It’s the new year and I’m sure you’re working on a new you. I find it bizarre that everyone waits until the first day of the year to make changes. It’s something to do all the time. However, if you’re embracing it for the new year, I’m with you. There is a different sort of energy that comes with believing the close of the previous year gives you a clean slate for the upcoming one.
One of the hardest things I think I’ve had to do is choose just 8 Western Australian beaches for you to dream about walking on. With a coastline of 12,913 miles, Western Australia presents an endless stretch of white sand, pristine turquoise water, and dazzling sunsets. I can promise you when you gaze upon a WA beach for the first time, you’ll stand with mouth agape and exclaim, “Those colors are for real.”Check out 8 reasons why I believe Western Australia has the best beaches in the world.
Then, last night, I sat down to fill out the workbook and – wow! I learned soooo much about myself in half an hour! I’d never made any connections between my mental state, my self-worth, the influences around me, etc and how easily money came into my life and how I managed it. You’ve given me a whole new perspective, so THANK YOU! !
Muck Rack makes it simple to find people, tweets, or articles that mention any name, keyword, company, hashtag etc. We've compiled this guide to help you make the most of your search.
Selecting a term
Start searching tweets, articles from media outlets, articles mentioned in tweets, journalists'
names, titles and bios with some suggested searches:
Companies or Topics (e.g. iPhone, Microsoft)
Phrases (e.g. "cloud computing") — use quotes to keep the terms together
Twitter handles (e.g. @username) — returns those who have mentioned or replied to
Names (e.g. "David Pogue")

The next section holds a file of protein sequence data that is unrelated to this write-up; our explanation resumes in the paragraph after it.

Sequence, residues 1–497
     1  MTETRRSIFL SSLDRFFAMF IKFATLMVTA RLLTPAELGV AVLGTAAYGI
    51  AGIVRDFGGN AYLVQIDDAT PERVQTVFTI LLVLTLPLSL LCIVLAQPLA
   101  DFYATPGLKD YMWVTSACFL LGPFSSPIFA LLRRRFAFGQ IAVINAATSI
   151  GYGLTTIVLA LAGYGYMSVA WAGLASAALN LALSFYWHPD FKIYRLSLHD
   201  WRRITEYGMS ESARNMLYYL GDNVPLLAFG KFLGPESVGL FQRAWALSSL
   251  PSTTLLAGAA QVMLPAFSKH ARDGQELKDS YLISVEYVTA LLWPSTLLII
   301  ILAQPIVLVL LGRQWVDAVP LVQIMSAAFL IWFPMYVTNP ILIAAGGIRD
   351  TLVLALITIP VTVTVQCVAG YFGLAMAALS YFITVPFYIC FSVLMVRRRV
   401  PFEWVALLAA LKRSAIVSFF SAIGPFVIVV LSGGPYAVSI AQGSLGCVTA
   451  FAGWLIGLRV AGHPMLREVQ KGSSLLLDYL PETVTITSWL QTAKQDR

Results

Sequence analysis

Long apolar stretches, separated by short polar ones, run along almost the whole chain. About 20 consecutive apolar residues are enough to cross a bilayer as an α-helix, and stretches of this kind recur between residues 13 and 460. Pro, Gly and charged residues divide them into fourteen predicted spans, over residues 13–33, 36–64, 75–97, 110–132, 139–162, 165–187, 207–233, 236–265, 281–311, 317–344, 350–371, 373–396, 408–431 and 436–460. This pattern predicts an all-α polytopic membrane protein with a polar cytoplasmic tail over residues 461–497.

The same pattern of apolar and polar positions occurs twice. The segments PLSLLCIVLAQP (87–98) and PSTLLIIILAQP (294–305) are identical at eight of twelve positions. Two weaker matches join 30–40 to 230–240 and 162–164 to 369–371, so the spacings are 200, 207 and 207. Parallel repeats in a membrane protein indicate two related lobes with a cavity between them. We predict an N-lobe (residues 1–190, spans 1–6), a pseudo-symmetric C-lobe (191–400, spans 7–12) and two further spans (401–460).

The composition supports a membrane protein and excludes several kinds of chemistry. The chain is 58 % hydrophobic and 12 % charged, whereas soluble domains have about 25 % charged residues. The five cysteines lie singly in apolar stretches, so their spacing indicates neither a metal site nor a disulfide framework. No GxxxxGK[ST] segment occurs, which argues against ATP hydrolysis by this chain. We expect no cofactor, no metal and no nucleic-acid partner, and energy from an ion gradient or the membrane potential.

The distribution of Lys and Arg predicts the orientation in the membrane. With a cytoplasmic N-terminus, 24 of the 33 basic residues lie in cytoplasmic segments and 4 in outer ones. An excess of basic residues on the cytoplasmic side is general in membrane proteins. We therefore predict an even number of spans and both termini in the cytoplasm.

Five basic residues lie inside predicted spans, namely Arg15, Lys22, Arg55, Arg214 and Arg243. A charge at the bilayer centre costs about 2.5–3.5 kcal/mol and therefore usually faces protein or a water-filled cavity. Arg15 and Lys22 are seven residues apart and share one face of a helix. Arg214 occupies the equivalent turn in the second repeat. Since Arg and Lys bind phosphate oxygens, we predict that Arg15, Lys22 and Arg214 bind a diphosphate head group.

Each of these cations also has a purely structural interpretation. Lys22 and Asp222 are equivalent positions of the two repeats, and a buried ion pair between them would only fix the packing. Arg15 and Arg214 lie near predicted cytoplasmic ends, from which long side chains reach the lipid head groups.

Hashtags (e.g. #sxsw, #london2012)
Bio details (e.g. vegan, Olympics, father)
Muck Rack's Advanced Search allows for many boolean operators.
Find results that mention multiple specified terms, use AND or
+. For example, ensure each result contains both Elon Musk and Mark Zuckerberg by
searching Musk AND Zuckerberg or Musk + Zuckerberg.
Use the operators OR or , to broaden your search when you'd like either of
multiple terms to appear in results. (This is the default behavior of our search when no operators
are used). For example, results will contain either cake or cookie by searching cake OR cookie or cake,cookie
Use NOT or - to subtract results from your search. For
example, searching Disney will yield results about the Walt Disney Company as well as Walt Disney
World Resort. To exclude mentions of Disney World, search for Disney -World or Disney
When using one of these operators with a phrase, enclose it in quotation marks. For example, you can
find results about smartphones excluding Apple's iPhone 4S by searching smartphone -"iPhone
Exact case matching or punctuation
If you're searching for a brand name or keyword that relies on specific punctuation marks or capitalization, you can
find results that match your exact query by adding matchcase: before the keyword you're searching for, like matchcase:E*TRADE .
Use parentheses to separate multiple
boolean phrases. For example, to find journalists talking about having fun in Disney World or
Disneyland, search for ("disney world" OR disneyland) AND fun.
An asterisk can be used to search for any variation of a root word truncated by the asterisk. For example, searching for admin* will return results for administrator, administration, administer, administered, etc.
A near operator is an AND operator where you can control the distance between the words. You can vary the distance the near operation uses by adding a forward slash and number (between 0-99) such as strawberries NEAR/10 "whipped cream", which means the strawberries must exist within 10 words of "whipped cream".